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Christmas Day – At sea
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Wed 25 Dec ‘13 – day 11  As is tradition with P&O, Oriana like all the other ships in the fleet was at sea on Christmas Day.

During the night the ship left the Adriatic Sea and re-entered the Mediterranean Sea as we are now heading for Palma on the island of Mallorca, one of the Islas Baleares and our next port of call.

It was a bright sunny day, but with just a hint of a swell that made the ship roll slightly.  As I left my cabin I wished Sailesh my cabin steward a ‘Happy Christmas’ before I headed up to the Conservatory where I had my traditional start to Christmas Day, a ‘Bucks Fizz’ breakfast with bacon rolls.

I will miss lunch as the Christmas Day dinner on-board was always a magnificent affair and so I will need plenty of room in order to eat the fare on offer.

Even on Christmas Day there was a full programme of events happening all over ship, so there should be something for everyone to do, even if that was just sitting and reading while watching the world go by.

Having finished breakfast I had a turn around the deck in order to get some fresh air into my lungs, because although every cabin is air-conditioned, nothing clears the cobwebs like the real thing.  The ship was heading southwest to the heel of Italy and so the coastline was on the starboard beam; we would then turn on to a more westerly course as we made our way across the Golfo di Taranto before heading north to the Messina Straits once we have passed Cap Spartivento at the toe of the mainland.

I did some work on my computer before going to the Crow’s Nest Bar where the Oriana Orchestra gave a concert of ‘Music from the Movies’ which was narrated by Natalie.  The place was packed but I managed to find an empty seat at the bar from where I listened to an hour of wonderful music.

During the concert the ship entered the Messina Straits, but as we were in the northbound traffic separation lane and therefore fairly close to the mainland, Mount Etna was way off across the Straits on the port side of the vessel.  Even if the light mist had not been present the volcano would have still been too far away to get a good view of it.

Normally there are many ferries and other craft travelling between Sicily and the mainland and as the north and southbound vessels have priority, the local traffic is constantly switching course to avoid a collision.  However today there is hardly anything moving as everyone is taking a well-earned day off.  As the ship made its transit of the Straits, the Captain gave a commentary as we passed the various sights of interest.  Once we had exited the northern end of the Straits, the ship altered course to the west and we then paralleled the course of Sicily for the remainder of the afternoon.  The Isle de Volcano which we passed to starboard was shrouded in mist and so little of it could be seen; the best time to see it is at dusk when the plume of steam and regular eruptions are silhouetted against the darkening sky.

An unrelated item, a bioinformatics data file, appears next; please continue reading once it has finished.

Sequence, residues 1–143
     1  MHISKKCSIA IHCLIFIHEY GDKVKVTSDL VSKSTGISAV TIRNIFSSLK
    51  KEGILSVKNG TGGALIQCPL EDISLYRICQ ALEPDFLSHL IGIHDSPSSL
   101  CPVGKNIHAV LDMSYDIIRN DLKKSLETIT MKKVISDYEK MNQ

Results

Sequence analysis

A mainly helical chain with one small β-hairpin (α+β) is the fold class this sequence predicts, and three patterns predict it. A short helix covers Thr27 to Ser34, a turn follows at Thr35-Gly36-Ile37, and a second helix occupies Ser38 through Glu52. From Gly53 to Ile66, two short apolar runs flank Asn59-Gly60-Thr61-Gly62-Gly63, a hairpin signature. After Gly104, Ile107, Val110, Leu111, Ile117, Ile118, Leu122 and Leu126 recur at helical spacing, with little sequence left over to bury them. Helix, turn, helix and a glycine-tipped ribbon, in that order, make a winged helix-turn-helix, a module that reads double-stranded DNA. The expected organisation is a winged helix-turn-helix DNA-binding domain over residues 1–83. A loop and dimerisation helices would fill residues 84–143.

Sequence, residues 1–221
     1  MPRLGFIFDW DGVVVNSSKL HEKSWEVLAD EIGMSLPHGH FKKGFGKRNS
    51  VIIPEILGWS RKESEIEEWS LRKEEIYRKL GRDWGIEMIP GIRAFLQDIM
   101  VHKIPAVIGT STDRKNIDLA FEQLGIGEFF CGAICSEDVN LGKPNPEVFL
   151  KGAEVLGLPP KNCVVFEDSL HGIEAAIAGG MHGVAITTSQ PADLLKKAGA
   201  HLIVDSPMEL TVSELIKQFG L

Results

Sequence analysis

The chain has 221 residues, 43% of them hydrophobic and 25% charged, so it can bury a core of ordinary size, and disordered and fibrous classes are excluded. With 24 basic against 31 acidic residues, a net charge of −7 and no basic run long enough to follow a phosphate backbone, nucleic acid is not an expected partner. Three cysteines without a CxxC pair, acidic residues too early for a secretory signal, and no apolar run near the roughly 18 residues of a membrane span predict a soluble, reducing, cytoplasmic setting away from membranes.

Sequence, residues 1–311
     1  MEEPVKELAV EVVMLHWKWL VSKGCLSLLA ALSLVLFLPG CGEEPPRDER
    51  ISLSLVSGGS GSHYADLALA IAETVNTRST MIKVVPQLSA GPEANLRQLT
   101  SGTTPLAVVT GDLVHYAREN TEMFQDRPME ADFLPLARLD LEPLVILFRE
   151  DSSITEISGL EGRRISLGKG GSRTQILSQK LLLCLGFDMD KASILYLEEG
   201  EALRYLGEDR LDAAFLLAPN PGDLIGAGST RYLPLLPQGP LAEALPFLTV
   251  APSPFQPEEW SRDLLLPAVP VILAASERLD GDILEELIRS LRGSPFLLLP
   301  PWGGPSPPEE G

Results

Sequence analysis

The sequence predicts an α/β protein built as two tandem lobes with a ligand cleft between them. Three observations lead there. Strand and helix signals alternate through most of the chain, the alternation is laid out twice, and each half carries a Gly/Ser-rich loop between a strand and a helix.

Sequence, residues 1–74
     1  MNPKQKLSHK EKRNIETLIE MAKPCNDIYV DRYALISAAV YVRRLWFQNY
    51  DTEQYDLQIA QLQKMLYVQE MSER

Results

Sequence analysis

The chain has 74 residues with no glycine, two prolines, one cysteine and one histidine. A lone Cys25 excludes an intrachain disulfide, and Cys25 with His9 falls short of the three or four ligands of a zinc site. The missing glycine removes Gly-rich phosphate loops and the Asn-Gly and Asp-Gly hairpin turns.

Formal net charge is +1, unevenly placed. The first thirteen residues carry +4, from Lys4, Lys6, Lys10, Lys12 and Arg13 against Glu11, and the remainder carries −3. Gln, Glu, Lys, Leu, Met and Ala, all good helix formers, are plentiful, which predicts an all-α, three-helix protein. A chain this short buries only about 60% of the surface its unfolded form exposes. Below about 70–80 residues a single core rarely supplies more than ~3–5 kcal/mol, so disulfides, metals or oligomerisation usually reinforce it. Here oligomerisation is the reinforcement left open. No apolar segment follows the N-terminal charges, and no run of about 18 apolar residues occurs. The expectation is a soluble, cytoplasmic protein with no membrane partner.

The individual quiz was a disaster as I knew very few of the answers and so didn’t even get into double figures, but I’ll try to do better tomorrow.

An aperitif in the Crow’s Nest Bar while listening to the cocktail pianist play a medley of tunes was a good way to start the evening and before you headed down to sample the delights produced by Executive Chef and his team.

Christmas Dinner is always a full blown affair with up to nine courses (if you could fit them all in), but the vast majority of people have far fewer than that otherwise they could be so full it could be difficult to get up from the table and make your way around.

The table was set with crackers, hats and a festive menu, so the first thing to do was put your hat on before pulling the crackers and then reading out the terrible jokes.

I always have a traditional dinner, so turkey with all the trimmings plus brussel sprouts which I like; then Christmas Pud covered with brandy which was then set on fire before having thick cream poured on top.  Mince pies and brandy butter were served with coffee or tea and if you were still hungry the waiters bring round Stollen, a heavy German fruit cake, then dates and nuts.  An excellent repast.

As I left the restaurant I noticed that the Captain was at one of the tables, so he had been entertaining his dinner companions.  Once upon a time all the ships officers, except for those on watch, would have been allocated a table at which have dinner on formal nights, but this tradition seems to have faded away.  Personally I consider this to be a disappointment as it allow passengers to be able to interact with the ships officers in a convivial atmosphere.

During dinner the ship had left the lee of Sicily and was now feeling the full effect the strong winds from the south; this had created a significant swell which meant that the ship was moving around quite noticeably.

For passengers, the Oriental Restaurant and Crow’s Nest Bar are as far apart as they can go on Oriana, aft deck 6 to forward deck 13, so a fair bit of walking was involved.

While I was having a late night drink the stewardesses brought round cheese and onion pasties plus sweet & sour rolls and offered them to the passengers; everyone declined as they have had enough to eat already this evening.

I call it a night at the witching hour and made my way back to my cabin and hoped for a good night’s sleep.